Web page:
Event #3: Sewing workshop
The first event in the four day LIVE Transmissions program was a Bloomer Making Workshop held at 310 New Cross Road, just around the corner from the main Goldsmiths campus. It is a shop on the high street that is managed by the Centre for Arts and Learning and has two main rooms as well as access to a small yard. It was perfect for our events as we wanted a space that offered a flexible, open context for making, talking and eating than the usual lecture or teaching room. Last time we were in the Centre for Creative collaboration in Kings Cross. This time we wanted a space that we could host a making wokshop and the symposium and yet be close enough to the main campus to enable participants to easily attend the Public Talk by Jackie Orr in one of Goldsmiths’ Cinemas.
The day started at 10 with a brief talk -‘What do bloomers have to do with sociology?” – in which introduced the ‘Freedom of Movement’ project (otherwise known as Bikes & Bloomers). I talked about the how I am a trained ethnographer, yet how in doing this archival and very material project I have learned to interview objects in the process of doing a sociological sewing; how I learned to ask different questions, to listen to objects and observe different kinds human non-human interactions and interrogate less visible forms of labour and knowledge making.
We then got stuck into sewing.
There were 6 makers – Li, Julia, Asa, Kristina, Laura and Roberta – plus Rachel, Brit and myself.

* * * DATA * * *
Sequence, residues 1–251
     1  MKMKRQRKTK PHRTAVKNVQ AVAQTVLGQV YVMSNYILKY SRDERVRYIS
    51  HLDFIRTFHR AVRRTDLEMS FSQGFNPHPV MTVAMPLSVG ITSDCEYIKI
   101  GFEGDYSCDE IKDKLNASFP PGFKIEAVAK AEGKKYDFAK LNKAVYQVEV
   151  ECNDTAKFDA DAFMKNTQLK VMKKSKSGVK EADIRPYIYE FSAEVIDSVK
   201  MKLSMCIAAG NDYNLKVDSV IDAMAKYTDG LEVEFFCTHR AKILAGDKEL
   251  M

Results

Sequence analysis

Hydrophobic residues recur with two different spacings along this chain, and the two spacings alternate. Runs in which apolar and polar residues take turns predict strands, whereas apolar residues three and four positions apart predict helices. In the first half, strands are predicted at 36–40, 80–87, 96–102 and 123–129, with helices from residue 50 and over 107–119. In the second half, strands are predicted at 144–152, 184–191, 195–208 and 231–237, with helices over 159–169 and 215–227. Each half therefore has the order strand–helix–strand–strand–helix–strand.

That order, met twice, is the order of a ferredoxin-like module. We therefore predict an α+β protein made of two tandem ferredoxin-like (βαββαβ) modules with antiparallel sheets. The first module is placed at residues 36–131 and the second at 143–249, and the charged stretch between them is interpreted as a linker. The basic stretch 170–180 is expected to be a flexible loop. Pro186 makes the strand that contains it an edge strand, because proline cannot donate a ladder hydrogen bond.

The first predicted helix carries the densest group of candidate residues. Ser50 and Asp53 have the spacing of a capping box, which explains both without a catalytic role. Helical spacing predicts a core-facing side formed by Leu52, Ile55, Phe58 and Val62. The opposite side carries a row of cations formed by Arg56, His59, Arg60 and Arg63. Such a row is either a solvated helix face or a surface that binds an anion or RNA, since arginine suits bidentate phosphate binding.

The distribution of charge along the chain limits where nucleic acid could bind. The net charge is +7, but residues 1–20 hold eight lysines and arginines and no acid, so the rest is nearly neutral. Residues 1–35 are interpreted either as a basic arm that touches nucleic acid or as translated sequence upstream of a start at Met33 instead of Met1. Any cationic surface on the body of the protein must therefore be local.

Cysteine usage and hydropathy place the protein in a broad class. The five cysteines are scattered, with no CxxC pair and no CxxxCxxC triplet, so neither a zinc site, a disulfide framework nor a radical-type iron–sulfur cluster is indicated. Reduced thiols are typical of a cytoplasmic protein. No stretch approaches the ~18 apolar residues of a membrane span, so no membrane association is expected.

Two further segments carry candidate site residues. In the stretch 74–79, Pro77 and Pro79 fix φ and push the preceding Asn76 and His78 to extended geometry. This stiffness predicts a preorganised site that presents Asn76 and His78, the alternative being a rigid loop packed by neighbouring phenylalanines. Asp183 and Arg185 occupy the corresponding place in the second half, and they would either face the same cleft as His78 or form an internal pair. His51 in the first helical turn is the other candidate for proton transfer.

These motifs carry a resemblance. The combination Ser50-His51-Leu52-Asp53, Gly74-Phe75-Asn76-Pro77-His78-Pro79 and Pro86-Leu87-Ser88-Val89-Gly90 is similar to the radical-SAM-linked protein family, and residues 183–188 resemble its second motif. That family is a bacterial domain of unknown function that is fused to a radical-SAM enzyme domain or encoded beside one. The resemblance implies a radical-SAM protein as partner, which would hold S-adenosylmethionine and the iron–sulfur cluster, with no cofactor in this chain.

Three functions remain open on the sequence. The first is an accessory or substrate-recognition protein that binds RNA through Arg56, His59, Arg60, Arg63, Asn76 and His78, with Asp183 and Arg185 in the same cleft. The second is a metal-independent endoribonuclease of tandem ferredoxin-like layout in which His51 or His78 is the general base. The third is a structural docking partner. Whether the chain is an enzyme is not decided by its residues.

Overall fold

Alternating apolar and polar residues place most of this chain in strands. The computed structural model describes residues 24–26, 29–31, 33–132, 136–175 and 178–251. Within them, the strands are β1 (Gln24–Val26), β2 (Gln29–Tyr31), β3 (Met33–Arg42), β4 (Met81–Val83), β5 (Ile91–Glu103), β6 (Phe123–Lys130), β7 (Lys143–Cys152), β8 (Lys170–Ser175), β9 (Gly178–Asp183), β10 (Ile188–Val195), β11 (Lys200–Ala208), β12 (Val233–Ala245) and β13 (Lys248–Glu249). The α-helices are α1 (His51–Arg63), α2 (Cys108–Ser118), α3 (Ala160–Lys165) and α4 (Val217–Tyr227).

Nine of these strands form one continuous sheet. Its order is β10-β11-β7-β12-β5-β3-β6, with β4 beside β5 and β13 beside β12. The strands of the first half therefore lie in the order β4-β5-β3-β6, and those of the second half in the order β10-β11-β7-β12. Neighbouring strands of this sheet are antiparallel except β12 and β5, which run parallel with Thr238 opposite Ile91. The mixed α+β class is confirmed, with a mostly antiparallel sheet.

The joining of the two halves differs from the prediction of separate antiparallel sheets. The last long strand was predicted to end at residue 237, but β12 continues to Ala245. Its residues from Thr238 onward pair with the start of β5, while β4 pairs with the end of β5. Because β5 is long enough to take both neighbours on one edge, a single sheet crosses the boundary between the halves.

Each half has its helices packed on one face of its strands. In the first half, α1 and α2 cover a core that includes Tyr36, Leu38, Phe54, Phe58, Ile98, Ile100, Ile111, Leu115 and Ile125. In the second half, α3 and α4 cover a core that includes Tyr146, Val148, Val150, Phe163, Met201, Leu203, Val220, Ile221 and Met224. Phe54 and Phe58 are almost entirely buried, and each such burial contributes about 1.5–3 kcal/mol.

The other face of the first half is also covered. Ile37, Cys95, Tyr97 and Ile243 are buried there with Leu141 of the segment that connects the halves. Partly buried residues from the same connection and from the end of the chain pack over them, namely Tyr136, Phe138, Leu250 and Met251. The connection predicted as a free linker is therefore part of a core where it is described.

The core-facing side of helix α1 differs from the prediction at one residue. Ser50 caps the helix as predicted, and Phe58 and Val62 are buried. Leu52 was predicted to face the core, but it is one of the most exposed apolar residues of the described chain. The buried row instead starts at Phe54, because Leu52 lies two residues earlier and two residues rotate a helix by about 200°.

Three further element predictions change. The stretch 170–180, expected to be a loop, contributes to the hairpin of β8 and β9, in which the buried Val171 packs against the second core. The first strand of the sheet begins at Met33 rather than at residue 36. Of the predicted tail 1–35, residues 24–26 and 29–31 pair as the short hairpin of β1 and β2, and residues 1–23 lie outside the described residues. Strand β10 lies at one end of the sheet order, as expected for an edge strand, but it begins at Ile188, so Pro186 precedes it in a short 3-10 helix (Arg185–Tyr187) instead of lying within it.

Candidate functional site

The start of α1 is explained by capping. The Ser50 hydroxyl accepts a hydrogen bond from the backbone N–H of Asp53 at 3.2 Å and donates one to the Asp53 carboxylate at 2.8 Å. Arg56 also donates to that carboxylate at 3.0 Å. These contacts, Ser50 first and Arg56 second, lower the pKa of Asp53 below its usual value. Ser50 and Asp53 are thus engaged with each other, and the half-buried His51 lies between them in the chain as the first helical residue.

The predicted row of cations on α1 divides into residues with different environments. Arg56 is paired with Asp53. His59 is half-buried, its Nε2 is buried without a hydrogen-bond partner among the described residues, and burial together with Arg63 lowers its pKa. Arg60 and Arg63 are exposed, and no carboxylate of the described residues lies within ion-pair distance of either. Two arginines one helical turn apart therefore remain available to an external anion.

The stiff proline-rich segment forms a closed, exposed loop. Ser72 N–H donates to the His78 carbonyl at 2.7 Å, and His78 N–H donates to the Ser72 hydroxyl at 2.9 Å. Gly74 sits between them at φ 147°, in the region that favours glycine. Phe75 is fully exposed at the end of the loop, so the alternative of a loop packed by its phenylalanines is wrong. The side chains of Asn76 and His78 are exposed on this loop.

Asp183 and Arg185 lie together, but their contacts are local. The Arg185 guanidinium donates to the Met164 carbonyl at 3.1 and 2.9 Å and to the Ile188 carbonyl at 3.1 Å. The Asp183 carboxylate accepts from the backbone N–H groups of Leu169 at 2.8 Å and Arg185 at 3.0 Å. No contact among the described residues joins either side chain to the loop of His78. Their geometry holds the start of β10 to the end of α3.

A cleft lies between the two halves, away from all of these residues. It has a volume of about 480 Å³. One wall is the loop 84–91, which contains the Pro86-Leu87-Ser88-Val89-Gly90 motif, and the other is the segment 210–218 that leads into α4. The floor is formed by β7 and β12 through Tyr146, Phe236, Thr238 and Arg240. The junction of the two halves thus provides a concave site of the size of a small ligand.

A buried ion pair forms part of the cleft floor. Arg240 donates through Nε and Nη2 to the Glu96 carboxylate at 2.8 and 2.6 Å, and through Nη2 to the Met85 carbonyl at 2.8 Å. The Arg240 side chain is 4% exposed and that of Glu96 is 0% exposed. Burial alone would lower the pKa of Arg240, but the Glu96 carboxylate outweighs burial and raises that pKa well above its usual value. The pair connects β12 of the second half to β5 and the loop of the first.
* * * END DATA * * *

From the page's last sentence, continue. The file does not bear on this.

I like so many things about these workshops, but particularly striking are the discussions that emerge and entangle in and around bodies, materials and the transforming materials. As we cut and pinned and sewed and changed 2d fabric into 3d sculpture we talked about ethnographies of making, of how we might talk to objects and how they talk back, how we listen to ourselves and learn new skills, how we can travel through the stories of bloomer makers into the past and back again, how we view different assemblies of knowledge, how we might hold on to the messiness of making and invite others into this process.
It was a productive session.
(photos by Brit Hatzius)
First there was some trying on of bloomers to see which ones to make. As per previous events we had two patterns; the tailored bloomer that would have been worn under skirts and the full bloomer which is a voluminous garment worn on its own and although a bifurcated garment it was designed to conceal as much as possible a woman’s independently moving legs.
Once the choice was made, the pattern was put together from a pattern pack.
People brought along some great material.
The cutting started.
Desks, wall and the floor were put to work
Rachel was doing an admirable job of guiding and helping everyone sew while I was spending more time finishing garments for our opening on Friday night.